Existing methods fail to provide an efficient or reliable treatment for CS-MRI. In this study, we design a converged deep framework comprising modules assembled in principle for trustworthy fast MR reconstruction. Specifically, we provide an efficient iterative process by integrating the task-driven domain knowledge with the data-driven deep networks. Meanwhile, we introduce an automatic feedback mechanism that leads deep iterations converging to the optimal solution of the original energy. Further, we consider two extensive tasks in practical scenarios, i.e., parallel imaging and Rician noise pollution, to investigate the robustness of our paradigm for real-world applications. Our framework flexibly adapts to the energies targeting to these scenarios, and robustly finds the solutions. Our contributions can be listed as follows:

  • We propose a generic deep framework assembling modules in principle to efficiently and reliably solve the CS-MRI model, typically non-convex and non-smooth.

  • We establish an automatic feedback mechanism in virtue of the first-order optimality condition to reject improper predictions from embedded deep architectures and to guide the deep iterations towards the desired solution.

  • We custom-tailor two extensions of our framework to handle the case of parallel imaging and of Rician noise contamination in practical scenarios.

Extensive experimental results on benchmarks and raw data collected in the -space of an MRI equipment demonstrate the superiority of the proposed paradigm against state-of-the-art techniques in both reconstruction accuracy and efficiency, as well as the robustness to noise contamination.

Ground Truth Zero-Filling RefineGAN Ours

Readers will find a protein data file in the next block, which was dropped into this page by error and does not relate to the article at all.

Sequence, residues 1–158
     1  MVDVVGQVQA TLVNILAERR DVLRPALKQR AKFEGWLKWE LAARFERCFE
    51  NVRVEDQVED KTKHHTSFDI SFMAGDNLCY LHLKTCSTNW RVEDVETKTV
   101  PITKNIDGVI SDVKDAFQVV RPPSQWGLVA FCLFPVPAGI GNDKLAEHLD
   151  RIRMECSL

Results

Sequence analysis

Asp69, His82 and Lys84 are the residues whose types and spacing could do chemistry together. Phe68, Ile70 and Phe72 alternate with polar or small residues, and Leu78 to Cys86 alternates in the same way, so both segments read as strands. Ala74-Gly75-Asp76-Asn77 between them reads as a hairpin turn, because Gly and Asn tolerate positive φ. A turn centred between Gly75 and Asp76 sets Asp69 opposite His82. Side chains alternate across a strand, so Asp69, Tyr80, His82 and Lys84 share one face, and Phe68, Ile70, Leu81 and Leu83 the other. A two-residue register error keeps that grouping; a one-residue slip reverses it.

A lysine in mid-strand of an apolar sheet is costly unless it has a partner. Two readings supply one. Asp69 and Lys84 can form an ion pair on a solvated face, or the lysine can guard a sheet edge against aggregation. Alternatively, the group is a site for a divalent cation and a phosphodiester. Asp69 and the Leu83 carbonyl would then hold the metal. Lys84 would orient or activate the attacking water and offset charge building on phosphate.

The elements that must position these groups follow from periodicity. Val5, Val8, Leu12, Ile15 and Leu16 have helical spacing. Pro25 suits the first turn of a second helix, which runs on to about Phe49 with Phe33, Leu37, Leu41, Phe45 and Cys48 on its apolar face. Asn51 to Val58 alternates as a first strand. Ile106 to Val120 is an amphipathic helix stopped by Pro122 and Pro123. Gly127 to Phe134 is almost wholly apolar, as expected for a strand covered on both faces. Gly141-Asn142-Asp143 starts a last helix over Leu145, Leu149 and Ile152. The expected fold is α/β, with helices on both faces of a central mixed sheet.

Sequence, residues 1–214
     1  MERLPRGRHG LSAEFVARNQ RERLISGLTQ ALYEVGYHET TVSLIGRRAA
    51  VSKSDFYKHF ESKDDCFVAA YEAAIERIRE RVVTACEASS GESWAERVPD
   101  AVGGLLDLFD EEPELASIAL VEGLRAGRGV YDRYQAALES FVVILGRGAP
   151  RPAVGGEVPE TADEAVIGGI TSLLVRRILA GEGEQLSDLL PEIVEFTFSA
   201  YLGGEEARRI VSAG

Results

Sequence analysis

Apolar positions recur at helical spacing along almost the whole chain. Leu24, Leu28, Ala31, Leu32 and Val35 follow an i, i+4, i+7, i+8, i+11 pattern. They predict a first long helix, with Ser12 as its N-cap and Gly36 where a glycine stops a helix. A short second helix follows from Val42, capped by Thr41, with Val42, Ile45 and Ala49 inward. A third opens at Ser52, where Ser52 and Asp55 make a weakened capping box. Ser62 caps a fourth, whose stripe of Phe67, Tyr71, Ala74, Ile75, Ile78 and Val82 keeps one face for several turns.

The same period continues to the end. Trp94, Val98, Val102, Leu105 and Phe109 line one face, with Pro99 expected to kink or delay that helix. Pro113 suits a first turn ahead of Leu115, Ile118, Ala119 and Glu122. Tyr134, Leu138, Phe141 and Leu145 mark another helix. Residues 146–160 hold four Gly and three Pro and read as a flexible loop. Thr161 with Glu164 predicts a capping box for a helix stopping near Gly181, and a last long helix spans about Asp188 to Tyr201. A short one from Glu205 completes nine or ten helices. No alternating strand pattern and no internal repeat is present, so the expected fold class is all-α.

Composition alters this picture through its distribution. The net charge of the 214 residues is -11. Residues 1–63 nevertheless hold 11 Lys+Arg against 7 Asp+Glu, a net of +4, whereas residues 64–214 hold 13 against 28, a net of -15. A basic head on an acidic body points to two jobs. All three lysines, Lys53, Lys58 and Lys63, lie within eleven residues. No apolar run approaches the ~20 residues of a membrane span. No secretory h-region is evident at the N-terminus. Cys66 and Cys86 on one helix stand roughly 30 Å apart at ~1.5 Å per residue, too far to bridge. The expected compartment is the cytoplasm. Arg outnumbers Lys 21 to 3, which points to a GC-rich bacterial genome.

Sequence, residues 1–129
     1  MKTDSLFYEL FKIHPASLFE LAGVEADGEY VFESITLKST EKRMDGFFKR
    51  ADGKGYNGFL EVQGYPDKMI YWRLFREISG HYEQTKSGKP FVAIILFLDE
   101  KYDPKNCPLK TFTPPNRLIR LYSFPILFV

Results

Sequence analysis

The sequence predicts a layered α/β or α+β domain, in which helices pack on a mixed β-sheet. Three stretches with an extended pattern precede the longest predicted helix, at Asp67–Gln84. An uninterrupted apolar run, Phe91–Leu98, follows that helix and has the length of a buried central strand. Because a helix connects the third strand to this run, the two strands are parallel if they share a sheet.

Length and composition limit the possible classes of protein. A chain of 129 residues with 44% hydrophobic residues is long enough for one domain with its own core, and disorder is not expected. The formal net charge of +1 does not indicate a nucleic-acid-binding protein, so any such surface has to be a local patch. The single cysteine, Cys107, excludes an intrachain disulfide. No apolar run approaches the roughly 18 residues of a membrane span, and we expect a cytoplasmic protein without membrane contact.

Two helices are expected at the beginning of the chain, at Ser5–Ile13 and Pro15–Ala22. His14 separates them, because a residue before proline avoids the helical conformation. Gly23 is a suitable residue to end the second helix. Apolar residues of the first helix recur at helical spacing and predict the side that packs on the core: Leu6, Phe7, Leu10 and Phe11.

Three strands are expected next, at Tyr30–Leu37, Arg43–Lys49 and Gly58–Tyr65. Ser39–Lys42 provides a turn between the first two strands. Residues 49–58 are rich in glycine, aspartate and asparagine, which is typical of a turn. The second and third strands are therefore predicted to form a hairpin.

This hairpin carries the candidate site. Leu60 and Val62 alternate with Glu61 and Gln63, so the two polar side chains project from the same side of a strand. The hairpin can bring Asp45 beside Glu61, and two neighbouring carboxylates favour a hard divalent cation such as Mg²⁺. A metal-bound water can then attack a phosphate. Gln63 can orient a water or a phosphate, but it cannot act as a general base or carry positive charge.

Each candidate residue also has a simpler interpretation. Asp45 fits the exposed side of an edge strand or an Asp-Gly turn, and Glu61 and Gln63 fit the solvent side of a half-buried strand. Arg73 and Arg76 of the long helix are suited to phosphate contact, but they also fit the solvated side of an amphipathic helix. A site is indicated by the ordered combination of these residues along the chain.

Fig. 1: A reconstruction example from naive zero-filling, recent RefineGAN, and ours. Undesired artifacts and smoothing details in red circles emerge in the result of RefineGAN.
Fig. 2: The fidelity , data-driven , optimal condition , and prior modules forms one iteration of our reconstruction framework.

Ii Related Work

This section reviews approaches to CS-MRI reconstruction based on prior models and deep learning, followed by the algorithms for two practical reconstruction scenarios, i.e., parallel imaging and Rician noise removal.

Ii-a Model based CS-MRI

Conventional CS-MRI needs to solve an energy optimization with regularizations derived from image priors in a specific transform domain or subspace. This term plays a vital role in the reconstruction quality. Researchers have devoted tremendous efforts to exploring the sparsity prior in various transform domains including the gradient [5], discrete Cosine transform [22], partial Fourier transform (RecPF) [42], and wavelet transform domains [30]. These techniques, developed upon the sparse representation with a fixed set of basis functions, can hardly provide satisfactory quality. Alternatively, researchers resort to the data-driven sparse prior in the subspace spanned by an over-complete dictionary of reference images, performing better in details recovery and artifacts removal [34, 2, 45, 31, 11]. These dictionary based CS-MRI methods are able to generate reliable or plausible reconstruction following the underlying physical prior or constraint, but typically suffer from extremely slow process as the energy optimization turns out to be a computationally expensive iterative process.

Additionally, most of regularization terms derive the sparsity prior in the forms of the norm. The norm has nice mathematical properties, but may not be able to characterize complex data distributions in real applications. Also, simply concatenating reference images into an over-complete dictionary as the data dependent prior has the limitation in handling flexible structures of real imaging problems.

Ii-B Deep learning based CS-MRI

Recent studies introduce deep learning techniques into MRI reconstruction in order to utilize the information given by vaults of available data examples. Wang et al.

design and train a convolutional neural network (CNN) to learn the direct mapping from the input under-sampled

-space data to the desired fully-sampled image [38]. A modified U-Net architecture is used to learn the aliasing artifacts in [17] and a deep cascading of convolutional network is applied to accelerate MR imaging in[35].Lately, generative adversarial networks (GANs) are able to remove aliasing artifacts by generated details, and gain the state-of-the-art quality for a specific benchmark [32, 41, 26]. These methods provide an extremely fast feed-forward inference for reconstruction, but highly depend on training examples without any principled knowledge, failing to give the desired solution when the input deviates from the mode of training data distribution.